BAB decided to cut the interest rate on lending to 9% and that on deposits to 6% from the existing levels
The decision to cut down interest rates will likely discourage clients from depositing money in the banks and intensify the liquidity crisis, experts warn.
But businessmen say the move will boost investment.
The Association of Banks (BAB) decided to bring down the interest rate on lending to 9% and that on deposits to 6% from the existing levels. The new interest rates will go into effect from July 1.
Currently, private banks are lending at between 14% and 15%, while the average interest rate for deposits is between 9 and 10%.
In a statement, the BAB said it took the decision under the direction of Prime Minister Sheikh Hasina to create an industry-friendly environment, new entrepreneurs, generate employment, and to accelerate trade.
However, former caretaker government advisor AB Mirza Azizul Islam fears that the move could worsen the liquidity crisis.
“It will make people reluctant to deposit money. Many may withdraw their money and invest in other sectors such as savings certificates,” he told the Bangla Tribune.
Azizul said the interest rate could have been brought down to a single digit by reducing the spread between the interest rates on lending and borrowing.
The banks’ deposit growth has declined to some extent, he noted, adding that slashing interest rates could trigger more liquidity crisis, which in turn could jeopardize the plan to reduce the lending rate.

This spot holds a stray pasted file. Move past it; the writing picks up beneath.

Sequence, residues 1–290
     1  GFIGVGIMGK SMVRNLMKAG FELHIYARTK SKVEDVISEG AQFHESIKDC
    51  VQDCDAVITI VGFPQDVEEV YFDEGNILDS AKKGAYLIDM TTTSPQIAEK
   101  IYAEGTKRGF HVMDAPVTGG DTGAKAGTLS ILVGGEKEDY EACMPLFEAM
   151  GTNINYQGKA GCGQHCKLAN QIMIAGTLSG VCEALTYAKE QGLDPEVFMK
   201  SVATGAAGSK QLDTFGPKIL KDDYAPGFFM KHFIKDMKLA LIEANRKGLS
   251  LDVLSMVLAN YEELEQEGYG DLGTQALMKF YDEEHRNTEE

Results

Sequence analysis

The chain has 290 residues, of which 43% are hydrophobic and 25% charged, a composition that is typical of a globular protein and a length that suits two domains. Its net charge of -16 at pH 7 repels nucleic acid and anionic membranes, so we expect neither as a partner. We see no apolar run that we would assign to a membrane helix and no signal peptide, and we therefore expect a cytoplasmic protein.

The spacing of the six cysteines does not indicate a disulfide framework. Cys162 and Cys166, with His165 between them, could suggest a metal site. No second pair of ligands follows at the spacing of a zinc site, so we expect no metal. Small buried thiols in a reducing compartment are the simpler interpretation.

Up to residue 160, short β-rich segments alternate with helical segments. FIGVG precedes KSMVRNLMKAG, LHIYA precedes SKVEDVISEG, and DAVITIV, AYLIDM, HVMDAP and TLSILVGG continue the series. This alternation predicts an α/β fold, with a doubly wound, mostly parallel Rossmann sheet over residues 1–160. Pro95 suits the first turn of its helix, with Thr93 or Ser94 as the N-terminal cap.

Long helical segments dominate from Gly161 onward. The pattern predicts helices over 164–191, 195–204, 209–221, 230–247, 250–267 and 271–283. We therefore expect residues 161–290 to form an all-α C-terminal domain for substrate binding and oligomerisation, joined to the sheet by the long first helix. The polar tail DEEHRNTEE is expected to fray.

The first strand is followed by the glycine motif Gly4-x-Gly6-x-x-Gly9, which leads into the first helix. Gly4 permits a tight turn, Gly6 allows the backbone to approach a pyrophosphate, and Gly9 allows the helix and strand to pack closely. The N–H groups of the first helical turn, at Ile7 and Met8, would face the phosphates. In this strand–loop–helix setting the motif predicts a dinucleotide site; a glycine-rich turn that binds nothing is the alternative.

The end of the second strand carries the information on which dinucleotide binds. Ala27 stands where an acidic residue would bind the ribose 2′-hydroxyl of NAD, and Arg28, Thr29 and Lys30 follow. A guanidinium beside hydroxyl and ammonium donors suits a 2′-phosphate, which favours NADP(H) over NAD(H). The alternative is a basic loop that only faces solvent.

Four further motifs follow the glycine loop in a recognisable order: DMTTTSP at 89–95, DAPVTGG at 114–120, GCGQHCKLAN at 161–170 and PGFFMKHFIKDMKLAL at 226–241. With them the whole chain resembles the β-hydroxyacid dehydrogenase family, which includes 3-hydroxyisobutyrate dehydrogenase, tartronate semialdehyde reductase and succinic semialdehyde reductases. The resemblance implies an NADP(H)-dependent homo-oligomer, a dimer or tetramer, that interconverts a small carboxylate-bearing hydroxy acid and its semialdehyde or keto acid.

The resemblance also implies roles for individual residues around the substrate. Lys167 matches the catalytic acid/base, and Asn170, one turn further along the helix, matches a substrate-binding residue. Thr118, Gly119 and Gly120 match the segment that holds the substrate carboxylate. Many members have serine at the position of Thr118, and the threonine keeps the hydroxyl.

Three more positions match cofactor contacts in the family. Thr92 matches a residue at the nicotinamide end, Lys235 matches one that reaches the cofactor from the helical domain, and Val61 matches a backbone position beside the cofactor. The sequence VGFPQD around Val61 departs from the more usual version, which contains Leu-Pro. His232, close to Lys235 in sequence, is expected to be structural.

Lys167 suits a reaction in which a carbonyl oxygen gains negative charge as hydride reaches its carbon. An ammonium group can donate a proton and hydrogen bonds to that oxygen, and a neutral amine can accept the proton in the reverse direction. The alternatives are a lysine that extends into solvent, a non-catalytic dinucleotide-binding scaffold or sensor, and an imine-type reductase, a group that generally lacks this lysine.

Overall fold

“Only cutting down interest rates won’t do. We should also monitor whether the loan money is being used in productive sectors,” he added.
BAB Chairman Nazrul Islam Mazumder said they had fixed 6% interest on new deposits and noted that it would not cause any problems for the old depositors.
“We, the bank owners, are trying to bring down the interest rate to single digit. So are the banks’ managing directors and the government,” he added.
But South Asian Network on Economic Modeling (Sanem) Executive Director Prof Selim Raihan feared that the move could affect all clients.
“There’s no harm if the loan money plays a [positive] role in the national economy,” he said, adding that since there was lack of good governance in the banking sector, the initiatives being taken could deepen the sector’s crisis.
“The forceful reduction of interest on deposit to cut the interest on loans will affect the general people,” he added.
Selim said the recent decisions on the banking sector are not enough to tackle the sector’s crisis.
The rate of deposit in the banking sector has been declining. The central bank data show that depositors have withdrawn nearly a thousand crore taka between December last year and March, 2018.
The total deposit in December last year was Tk9,26,179 crore. At the end of March this year, the amount stood at Tk9,25,279 crore.
Bank officials say the continued disbursement of loans and a decline deposit has led to liquidity crises in the banking sector.
Bangladesh Bank data show that more than 100 million account holders deposit money in 57 banks. The bank directors are mainly conducting their business with the money of these depositors.
According to the central bank, the bank directors had invested only Tk46,124 crore in the sector until September last year, while they withdrew Tk1,43,707 crore as loan from the banks during the same period.